Friday, October 4, 2013

Washington State Keys to the Game

Heading into the season, many Cal fans including yours truly penciled this game as a win for the Bears. Four brutal games into the season, and now the Bears find themselves as slight home underdogs against Mike Leach's WSU Cougars.

Words don't describe how big of a game this is for the Bears. Beyond just needing to get back into the win column, the Bears need something good for them in the worst possible way. A win over the Cougars isn't going to make their season, but it's not difficult to see a loss breaking it. For the first time in weeks, the Bears face off a manageable opponent, albeit an improved team in the Cougs, and a loss would all but crush the team's already bruised confidence.

The Bears need some validation that the work they've been putting in and the tough lessons learned during blowout losses to highly ranked teams were not all for naught.

Again, Cal needs this win, and they need it bad.

Let's get to a couple of quick keys to the game.

Pass Rush Needs to Come Alive
Cal's lack of pass rushing has been supremely disappointing this season. Through four games, the Bears have netted just 4 sacks, and just one in the past two games.

Part of it has been the inability by Cal's pass rushers to get in the backfield, but part of it has also been scheme. Cal's gameplanned for mobile quarterbacks in all of their games this season, and for the first time they face a WSU QB in Connor Halliday who isn't going to be used a designed runner.

That's going to allow the Bears to get a bit more aggressive and creative in their pass rushing schemes, and if there were ever a week to being implementing those wrinkles in Cal's defense, this is it.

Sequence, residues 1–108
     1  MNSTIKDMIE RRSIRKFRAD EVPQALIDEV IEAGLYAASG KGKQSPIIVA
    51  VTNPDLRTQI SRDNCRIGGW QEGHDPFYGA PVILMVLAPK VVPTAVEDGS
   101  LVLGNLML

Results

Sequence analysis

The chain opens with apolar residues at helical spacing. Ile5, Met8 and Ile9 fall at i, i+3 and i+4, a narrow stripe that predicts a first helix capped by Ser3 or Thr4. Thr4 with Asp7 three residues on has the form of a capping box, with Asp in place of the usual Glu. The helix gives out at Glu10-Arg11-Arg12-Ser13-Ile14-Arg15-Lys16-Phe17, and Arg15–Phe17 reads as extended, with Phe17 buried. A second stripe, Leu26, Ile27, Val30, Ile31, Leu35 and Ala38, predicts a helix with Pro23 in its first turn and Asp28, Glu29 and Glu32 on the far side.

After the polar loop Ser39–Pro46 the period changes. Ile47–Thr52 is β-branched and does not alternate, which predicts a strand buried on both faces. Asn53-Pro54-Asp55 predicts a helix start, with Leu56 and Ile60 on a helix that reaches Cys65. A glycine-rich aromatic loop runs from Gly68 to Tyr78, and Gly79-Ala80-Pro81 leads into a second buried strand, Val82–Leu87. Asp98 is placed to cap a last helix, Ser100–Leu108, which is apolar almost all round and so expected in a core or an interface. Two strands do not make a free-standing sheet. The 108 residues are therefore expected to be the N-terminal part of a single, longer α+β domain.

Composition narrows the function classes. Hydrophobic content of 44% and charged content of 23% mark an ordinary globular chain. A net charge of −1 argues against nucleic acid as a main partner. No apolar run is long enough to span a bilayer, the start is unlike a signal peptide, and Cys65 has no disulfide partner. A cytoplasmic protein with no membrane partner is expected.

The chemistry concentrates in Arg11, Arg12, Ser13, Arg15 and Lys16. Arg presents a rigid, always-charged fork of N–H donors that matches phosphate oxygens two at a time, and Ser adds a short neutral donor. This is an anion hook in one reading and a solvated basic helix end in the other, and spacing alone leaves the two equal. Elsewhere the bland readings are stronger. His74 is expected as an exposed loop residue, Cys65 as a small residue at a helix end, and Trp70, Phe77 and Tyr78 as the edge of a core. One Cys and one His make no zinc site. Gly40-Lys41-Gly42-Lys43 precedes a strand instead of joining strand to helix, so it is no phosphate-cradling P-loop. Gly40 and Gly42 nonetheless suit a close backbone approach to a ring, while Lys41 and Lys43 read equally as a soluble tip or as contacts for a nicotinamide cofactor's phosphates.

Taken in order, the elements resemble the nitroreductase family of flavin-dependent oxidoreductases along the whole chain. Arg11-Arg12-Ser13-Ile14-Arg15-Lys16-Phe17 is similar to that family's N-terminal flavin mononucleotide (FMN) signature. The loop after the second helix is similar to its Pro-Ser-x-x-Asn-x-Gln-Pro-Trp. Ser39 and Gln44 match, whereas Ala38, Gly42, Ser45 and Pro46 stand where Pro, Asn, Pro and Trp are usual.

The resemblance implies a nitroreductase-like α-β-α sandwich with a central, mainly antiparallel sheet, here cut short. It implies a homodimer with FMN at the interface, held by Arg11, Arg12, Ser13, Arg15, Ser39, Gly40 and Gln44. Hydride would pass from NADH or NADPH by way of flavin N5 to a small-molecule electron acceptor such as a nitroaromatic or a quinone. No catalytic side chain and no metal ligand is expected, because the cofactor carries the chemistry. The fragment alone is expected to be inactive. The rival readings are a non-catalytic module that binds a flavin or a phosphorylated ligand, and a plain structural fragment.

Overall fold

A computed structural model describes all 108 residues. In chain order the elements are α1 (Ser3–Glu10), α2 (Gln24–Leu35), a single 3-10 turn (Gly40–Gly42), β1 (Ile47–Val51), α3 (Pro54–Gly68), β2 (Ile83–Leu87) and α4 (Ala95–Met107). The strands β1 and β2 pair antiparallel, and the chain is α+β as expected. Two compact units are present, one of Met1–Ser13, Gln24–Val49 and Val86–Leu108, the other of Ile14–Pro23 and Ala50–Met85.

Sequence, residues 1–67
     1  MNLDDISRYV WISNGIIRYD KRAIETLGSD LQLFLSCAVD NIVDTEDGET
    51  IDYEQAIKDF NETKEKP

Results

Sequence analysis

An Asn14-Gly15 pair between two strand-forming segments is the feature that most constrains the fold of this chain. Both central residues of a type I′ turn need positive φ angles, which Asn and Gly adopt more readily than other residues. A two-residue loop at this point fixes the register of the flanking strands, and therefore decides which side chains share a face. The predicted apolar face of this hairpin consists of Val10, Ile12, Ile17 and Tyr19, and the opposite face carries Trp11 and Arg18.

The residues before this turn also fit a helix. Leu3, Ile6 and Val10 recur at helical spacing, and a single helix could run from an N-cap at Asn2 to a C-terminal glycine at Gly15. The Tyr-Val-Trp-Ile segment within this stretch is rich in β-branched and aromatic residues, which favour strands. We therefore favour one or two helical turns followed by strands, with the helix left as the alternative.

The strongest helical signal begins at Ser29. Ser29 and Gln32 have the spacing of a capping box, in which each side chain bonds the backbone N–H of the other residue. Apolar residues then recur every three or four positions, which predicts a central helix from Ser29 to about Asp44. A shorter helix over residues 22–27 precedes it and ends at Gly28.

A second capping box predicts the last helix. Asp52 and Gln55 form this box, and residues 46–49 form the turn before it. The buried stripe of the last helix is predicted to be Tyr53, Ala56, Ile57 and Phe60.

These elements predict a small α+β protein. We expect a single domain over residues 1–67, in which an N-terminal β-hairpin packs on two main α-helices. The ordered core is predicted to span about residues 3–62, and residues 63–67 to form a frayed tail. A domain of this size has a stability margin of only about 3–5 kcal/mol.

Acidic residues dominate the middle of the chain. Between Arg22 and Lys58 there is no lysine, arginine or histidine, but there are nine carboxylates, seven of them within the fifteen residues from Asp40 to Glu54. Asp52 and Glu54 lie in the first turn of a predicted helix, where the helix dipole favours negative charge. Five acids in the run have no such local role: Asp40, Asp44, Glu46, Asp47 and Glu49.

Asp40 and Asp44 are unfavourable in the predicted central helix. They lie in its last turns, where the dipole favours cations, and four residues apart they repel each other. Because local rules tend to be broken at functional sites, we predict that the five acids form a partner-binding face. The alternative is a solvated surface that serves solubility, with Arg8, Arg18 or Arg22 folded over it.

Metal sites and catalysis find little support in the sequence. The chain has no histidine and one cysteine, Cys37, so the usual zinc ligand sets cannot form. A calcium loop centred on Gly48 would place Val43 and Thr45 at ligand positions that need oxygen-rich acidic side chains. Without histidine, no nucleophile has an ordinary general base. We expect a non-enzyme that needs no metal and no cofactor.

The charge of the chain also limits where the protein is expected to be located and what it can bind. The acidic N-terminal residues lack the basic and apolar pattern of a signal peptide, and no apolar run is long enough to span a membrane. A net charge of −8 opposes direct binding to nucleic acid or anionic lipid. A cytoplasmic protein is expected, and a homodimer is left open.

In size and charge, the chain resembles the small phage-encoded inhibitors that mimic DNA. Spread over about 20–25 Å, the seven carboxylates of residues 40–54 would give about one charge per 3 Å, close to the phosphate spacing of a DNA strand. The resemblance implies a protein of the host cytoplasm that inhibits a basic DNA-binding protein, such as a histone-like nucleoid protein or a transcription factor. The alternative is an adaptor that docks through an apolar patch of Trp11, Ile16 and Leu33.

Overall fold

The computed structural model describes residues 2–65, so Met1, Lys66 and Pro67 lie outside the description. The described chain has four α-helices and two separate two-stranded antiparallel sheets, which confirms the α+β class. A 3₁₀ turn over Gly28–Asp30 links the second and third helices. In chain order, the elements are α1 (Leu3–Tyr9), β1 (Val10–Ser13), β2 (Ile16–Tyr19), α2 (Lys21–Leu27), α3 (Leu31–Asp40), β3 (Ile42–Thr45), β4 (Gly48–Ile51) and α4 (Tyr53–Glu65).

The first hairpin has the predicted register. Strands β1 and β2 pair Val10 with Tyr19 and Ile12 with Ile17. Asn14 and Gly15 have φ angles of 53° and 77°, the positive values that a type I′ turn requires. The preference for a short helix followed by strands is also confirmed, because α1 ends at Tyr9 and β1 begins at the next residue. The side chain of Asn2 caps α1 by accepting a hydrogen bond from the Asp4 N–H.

Not be forewarned, WSU doesn't give up a boat load of sacks. Their offense, much like Dykes and Franklin's offense is designed to get the ball out quickly, and opposing pass rushers rarely have the time to get to the quarterback before the pass is already out.

Instead of looking for sacks, Cal needs to be looking for disruption. I've been watching Connor Halliday for seemingly forever, and while he's a strong-armed gunslinger, he can be pressured into making more mistakes than almost any other QB in the conference. While Halliday is second in the conference in passing yards, he's ranked last in interceptions with 9 on the season. He's the type who can give your 4 TDs and 4 INTs in the same game.

When opposing defenses bring pressure, and he finds a pass rusher bearing down on him, Halliday has a tendency to throw mechanics to the wayside, often throwing errant passes off of his back foot. The Bears need to bank on Halliday's penchant for brainfarts by bringing the heat. It doesn't always have to be in the form of blitzes, but Cal's got to begin getting creative in the ways they bring the heat, by disguising their pressure, whether it's in the form of delays, stunts or twists. This is not the time to send four straight on. We've seen that, and it hasn't worked then, and it's not going to work now.